Midnight Special plays out like a throwback sci-fi movie comparable to Close Encounters of the Third Kind or ET. Unfortunately the limited release of the film ensured that even the most devout ‘80s film fans would have trouble finding a theater. Thankfully, now that the movie is available On Demand, you have no excuse not to watch it.

Despite the obvious 1980’s influences, this is still a Jeff Nichols film. Like every Jeff Nichols movie, the focus is on family. The story of parents trying to decide what to do with their allegedly extraterrestrial child is surprisingly touching.

The cast brings plenty of emotion to a movie that could come across as kind of corny. Their dedication to bringing nuanced performances to the film results in a movie that always feels sincere.

When you combine that with expert craftsmanship behind the camera, you have a film that feels like more than just a nostalgic throwback. Granted, the nostalgia definitely helps make the movie more fun, but that touch of Jeff Nichols is what really helps the movie soar.


3. Green Room

green room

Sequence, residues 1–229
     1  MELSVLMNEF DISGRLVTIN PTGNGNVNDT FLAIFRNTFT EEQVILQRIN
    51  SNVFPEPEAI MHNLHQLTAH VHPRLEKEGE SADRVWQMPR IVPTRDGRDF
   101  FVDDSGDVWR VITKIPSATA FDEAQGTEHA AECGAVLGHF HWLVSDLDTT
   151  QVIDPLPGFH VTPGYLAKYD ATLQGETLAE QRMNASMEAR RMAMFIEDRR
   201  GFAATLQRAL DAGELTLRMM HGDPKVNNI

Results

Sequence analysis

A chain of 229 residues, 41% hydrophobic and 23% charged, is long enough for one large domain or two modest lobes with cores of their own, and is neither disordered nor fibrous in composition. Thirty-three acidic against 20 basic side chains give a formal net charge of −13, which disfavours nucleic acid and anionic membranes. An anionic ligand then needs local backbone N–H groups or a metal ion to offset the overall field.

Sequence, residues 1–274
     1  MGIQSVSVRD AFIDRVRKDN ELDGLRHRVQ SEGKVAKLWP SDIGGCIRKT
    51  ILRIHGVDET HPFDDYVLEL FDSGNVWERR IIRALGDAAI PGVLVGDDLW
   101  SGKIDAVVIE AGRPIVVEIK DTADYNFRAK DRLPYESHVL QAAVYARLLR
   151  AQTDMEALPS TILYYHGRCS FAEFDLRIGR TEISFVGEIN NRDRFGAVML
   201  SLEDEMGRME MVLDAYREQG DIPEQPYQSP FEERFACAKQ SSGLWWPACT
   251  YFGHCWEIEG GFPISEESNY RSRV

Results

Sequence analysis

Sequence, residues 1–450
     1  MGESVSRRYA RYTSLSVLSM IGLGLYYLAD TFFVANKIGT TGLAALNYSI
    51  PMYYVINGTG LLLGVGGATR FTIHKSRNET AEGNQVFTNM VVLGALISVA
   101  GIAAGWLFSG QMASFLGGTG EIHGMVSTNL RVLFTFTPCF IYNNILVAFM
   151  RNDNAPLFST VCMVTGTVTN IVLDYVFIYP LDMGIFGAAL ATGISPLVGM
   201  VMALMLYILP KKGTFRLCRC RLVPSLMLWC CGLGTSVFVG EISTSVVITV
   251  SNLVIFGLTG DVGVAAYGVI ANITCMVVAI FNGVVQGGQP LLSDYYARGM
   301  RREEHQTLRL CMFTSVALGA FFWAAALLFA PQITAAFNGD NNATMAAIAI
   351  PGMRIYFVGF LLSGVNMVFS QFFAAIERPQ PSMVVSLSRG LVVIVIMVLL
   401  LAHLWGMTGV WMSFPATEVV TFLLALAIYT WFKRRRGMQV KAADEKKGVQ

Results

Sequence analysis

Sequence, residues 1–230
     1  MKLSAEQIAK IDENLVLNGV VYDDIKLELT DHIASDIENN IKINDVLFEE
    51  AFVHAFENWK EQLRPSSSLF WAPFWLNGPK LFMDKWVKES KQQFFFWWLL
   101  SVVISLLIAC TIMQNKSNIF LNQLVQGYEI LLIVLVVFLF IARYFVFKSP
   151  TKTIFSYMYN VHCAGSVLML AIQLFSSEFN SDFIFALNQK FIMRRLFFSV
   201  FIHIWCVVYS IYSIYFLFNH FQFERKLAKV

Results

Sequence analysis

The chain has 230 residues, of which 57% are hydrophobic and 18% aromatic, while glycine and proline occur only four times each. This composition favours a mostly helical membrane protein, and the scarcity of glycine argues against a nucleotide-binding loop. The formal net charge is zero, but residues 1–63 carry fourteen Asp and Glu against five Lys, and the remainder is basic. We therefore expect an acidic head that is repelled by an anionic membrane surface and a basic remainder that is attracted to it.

This has been a great year for mainstream horror movies with The Conjuring 2, Lights Out, The Shallows, and The Purge: Election Year all enjoying plenty of success critically and financially. If you haven’t been paying close enough attention, you may have missed the surprisingly large assortment of indie horror movies that have also come along this year.

The Invitation, Holidays, Southbound, and Ava’s Possessions all warrant a recommendation. Yet one movie stands out as not just the best indie horror flick of the year, but possibly the best horror movie of the year period – Jeremy Saulnier’s Green Room.

The actual plot of Green Room isn’t exactly groundbreaking. Teenagers piss people off and the people retaliate. Making the pissed off people skinheads definitely helps make push the movie in a slightly different direction, but overall the story isn’t anything your average horror buff hasn’t seen.

The slight lack of originality does very little to bring the movie down though. Green Room is smart, stylish, brutal, and at times darkly funny. On top of that, the devoted cast led by the late Anton Yelchin are consistently excellent.